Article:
Drake takes cautious approach to stardom
This article was originally on a blog post platform and may be missing photos, graphics or links. See About archive blog posts.
The singer is taking an unusually low-key approach to promoting his new album, ‘Take Care,’ whose title might also describe his personal philosophy.
Drake could have employed a surefire strategy of platinum producers, staggered singles and aggressive promotion to help ensure that his new album, “Take Care,” would avoid the sophomore slump. Given the pomp and hype the 25-year-old has amassed over his abbreviated career, such an assault was certainly expected. Instead, the Canadian rapper-singer has taken a decidedly low-key approach to rolling out his new disc.
He recorded “Take Care” largely in his own home studio in Toronto instead of New York or L.A., offered no advance listens and restricted both his live performances and press — something only rap veterans such as Jay-Z and Kanye West can pull off these days. No matter how popular rap’s newest star may be, the move is risky.
“I feel like the generation that’s digesting music right now, they are so easily swayed by opinion that’s put forth prior to hearing the music. I just want the world to have their own experience with it simultaneously, rather than being led in a direction,” he said from a booth in the Polo Lounge at the Beverly Hills Hotel. “It’s sort of a silly thing because you miss out on a lot of press opportunities that way.
“But my music has never been about that,” he continued, driving the point. “It’s never been about the listening party that everybody came to. My music has always belonged to the people.”
And clearly, it still does: The album leaked Monday, a week ahead of its scheduled Nov. 15 release, and instantly became a trending topic on Twitter.
Born Aubrey Drake Graham, the artist saw his rise to rap royalty happen almost overnight. The product of a major-label bidding war following the success of his self-distributed mix tape, 2009’s “So Far Gone” — which yielded hits “Best I Ever Had” and “Successful” — he was already on a nationwide headlining tour before his debut, “Thank Me Later,” dropped. The disc opened to critical acclaim and a cushy No. 1 spot last year after selling 447,000 copies in its first week, according to Nielsen SoundScan.
Yet as an artist operating in a fickle genre that depends largely on street credibility, Graham hardly looked like a sure bet. First off, he’s from Canada, just like Justin Bieber, and the country is hardly known for producing great MCs. He was also raised in a middle-class neighborhood practicing the Jewish faith, has never been arrested and before his music career was known as Jimmy Brooks, a soft-spoken character from the teen drama “DeGrassi: The Next Generation.”
Even a co-sign from Lil Wayne, who inked Drizzy to his budding Young Money empire through Cash Money Records/Universal Motown, didn’t look like it would add cred, as the label head was in prison when Graham launched in 2010.
With a host of Grammy nods, top 10 hits, guest verses, writing credits and an in-demand touring schedule, the unlikely artist unquestionably delivered.
When pressed on his new, less-than-aggressive approach and how it might be detrimental to sales, he quickly asserted it had everything to do with pleasing himself and not others — something he revealed he didn’t do with his debut album.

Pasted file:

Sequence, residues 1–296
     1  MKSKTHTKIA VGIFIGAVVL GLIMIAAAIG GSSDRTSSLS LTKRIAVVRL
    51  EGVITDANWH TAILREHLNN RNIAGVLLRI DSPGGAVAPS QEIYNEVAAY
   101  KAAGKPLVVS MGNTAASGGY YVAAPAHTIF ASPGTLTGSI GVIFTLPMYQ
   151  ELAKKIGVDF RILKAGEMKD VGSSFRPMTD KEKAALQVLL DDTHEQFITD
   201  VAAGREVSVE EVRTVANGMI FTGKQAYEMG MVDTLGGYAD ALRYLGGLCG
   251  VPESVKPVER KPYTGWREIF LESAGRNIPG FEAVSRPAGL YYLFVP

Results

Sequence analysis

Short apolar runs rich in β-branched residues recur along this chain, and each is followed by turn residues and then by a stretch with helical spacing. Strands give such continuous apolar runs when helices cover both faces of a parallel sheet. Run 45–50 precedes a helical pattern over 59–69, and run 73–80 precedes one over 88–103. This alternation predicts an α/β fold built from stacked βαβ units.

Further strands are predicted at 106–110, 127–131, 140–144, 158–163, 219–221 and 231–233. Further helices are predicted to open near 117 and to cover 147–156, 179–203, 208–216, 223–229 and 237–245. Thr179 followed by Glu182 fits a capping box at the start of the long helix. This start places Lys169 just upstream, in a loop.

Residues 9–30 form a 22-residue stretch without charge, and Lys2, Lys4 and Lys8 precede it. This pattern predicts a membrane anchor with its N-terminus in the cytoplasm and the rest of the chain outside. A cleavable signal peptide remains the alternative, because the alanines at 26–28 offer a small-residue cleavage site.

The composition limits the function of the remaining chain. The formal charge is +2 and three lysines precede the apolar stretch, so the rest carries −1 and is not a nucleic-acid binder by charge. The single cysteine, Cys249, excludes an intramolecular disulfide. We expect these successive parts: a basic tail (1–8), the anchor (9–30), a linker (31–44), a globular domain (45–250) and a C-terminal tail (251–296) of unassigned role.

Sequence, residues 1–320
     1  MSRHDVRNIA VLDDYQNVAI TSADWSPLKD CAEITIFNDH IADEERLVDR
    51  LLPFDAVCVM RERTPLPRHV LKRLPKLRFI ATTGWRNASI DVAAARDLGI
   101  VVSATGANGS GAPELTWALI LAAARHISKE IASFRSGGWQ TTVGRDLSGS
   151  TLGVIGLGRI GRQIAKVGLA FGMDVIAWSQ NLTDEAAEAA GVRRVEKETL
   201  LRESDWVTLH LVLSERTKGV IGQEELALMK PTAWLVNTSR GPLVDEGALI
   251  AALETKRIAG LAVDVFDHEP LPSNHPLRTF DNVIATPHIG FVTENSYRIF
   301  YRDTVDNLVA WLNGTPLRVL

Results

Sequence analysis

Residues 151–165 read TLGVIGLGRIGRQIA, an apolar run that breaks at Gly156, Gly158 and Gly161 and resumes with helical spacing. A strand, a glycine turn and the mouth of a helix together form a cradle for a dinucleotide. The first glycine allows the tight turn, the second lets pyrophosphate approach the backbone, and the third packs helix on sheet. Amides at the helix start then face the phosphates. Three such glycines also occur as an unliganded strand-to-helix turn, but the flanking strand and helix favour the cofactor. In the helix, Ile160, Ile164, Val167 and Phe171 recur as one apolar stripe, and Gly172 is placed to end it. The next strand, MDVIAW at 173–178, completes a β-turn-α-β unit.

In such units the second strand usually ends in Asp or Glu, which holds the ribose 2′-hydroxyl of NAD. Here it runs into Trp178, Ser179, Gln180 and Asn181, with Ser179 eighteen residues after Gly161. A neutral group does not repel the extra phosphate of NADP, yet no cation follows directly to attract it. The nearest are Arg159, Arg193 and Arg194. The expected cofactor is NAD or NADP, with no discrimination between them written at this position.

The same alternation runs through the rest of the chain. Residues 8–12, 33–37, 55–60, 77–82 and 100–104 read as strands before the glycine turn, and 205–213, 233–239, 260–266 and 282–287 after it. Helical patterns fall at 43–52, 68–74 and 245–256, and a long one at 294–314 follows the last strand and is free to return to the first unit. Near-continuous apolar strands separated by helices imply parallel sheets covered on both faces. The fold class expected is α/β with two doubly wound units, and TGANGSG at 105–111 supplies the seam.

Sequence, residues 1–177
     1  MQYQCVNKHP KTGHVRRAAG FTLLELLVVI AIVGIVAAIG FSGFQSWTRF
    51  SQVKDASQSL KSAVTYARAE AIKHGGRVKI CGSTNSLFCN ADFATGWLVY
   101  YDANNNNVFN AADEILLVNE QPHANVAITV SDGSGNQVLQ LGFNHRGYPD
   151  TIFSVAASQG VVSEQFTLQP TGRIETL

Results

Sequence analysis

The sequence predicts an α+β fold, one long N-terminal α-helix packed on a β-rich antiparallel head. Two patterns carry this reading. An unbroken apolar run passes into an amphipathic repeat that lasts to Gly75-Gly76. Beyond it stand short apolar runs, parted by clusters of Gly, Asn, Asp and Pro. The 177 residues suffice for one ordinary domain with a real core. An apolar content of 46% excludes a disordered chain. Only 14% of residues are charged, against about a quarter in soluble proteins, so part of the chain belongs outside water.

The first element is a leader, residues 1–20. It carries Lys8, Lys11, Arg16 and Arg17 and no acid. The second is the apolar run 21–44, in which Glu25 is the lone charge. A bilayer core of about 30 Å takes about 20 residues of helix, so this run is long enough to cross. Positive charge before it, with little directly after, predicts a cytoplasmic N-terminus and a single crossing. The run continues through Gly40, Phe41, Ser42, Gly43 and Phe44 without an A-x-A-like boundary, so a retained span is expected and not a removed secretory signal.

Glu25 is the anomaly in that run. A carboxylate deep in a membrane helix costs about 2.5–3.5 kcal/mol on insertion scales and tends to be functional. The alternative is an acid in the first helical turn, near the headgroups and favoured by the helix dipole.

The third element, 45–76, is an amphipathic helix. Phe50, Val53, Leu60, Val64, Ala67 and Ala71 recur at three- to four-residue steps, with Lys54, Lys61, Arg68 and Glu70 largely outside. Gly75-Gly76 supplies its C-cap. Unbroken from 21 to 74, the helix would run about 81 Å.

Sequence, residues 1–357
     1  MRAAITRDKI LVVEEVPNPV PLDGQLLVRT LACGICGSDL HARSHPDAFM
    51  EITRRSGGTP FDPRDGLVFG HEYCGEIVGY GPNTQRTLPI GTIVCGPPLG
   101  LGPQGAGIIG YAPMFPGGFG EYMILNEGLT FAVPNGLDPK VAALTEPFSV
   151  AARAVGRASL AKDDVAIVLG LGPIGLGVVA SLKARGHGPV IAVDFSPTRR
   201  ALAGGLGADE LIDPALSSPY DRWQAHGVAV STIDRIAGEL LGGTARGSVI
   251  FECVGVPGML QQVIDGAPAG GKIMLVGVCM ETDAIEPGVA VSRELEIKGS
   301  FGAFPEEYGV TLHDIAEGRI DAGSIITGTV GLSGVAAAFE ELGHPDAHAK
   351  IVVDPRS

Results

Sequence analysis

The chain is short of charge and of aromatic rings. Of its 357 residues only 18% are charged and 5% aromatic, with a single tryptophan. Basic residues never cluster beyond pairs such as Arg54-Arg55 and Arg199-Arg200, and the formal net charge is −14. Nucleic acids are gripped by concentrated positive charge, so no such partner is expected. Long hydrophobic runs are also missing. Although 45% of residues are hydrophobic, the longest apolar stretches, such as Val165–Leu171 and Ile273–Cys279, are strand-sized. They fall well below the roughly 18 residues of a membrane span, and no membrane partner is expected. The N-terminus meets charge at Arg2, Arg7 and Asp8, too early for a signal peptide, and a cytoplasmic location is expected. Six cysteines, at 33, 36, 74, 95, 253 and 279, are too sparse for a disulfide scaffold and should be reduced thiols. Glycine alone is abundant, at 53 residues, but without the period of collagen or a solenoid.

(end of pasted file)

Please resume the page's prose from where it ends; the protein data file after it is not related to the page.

“To be 100% honest … I wasn’t necessarily happy with ‘Thank Me Later.’ People loved it [but] I just knew what I was capable of with a little more time,” he said. “I’m very confident in ‘Take Care.’ I definitely made the exact album that I wanted. Will it appear that way to the world? I’m not sure, because its definitely different. It’s not 15 ‘I’m On Ones.’ It’s not ‘She Will.’ I’m very happy with this album. More so than I’ve ever been with a project.”
On “Take Care,” he skipped tapping names like Timbaland, Kanye West and Swizz Beatz — they all contributed tracks to his first disc — and opted to solely rely on his in-house crew of Noah “40” Shebib, Tone Mason and Boi-1da.
He did pull in a host of guest appearances from Weezy, Rihanna, labelmate Nicki Minaj, Andre 3000, Rick Ross, Stevie Wonder and up-and-comers the Weeknd and Kendrick Lamar on the disc. Still, Graham doesn’t stray from the melancholy R&B melodies and the swaggering-then-sensitive lyrics he’s known for.
“This album has consistency. You will not hear a piece of music that does not belong,” he said, pointing out that he recorded the disc as one continual track. “The words were really important to me. When you get a young artist and they are on the rise, often the music becomes not what they have going on in their lives or surrounding things, but it starts to lose substance. You can always be like, ‘Man I’m the …’ but I think you have to thread some life in there so there’s something that will last.”
Despite the last 18 months of constant praise, Graham lacks the ego of a platinum-selling rapper, and his charming, boyish humbleness often leads to numerous apologetic moments in the interview.
During his first interview with The Times a little more than a year ago he plainly said, “I don’t feel like I’m a great rapper right now.… I just want to be better, man,” and he flinches with unease when the quote is read back to him. He doesn’t mention the contradictions of the boastfulness he displays on tracks such as “Underground Kings,” and first single “Headlines,” but admits he places a great deal of weight on his shoulders to live up to the hype he created.
“I do put an immense amount of pressure on myself, I don’t sleep much. I think about everything and everyone in my life and trying to make everyone happy. My best friend tells me that I care too much, that I want everyone to like me,” he said with his head lowered. “Not everyone’s gonna like you, but I just want to be remembered as a man that somebody wants to be.”
-- Gerrick D. Kennedy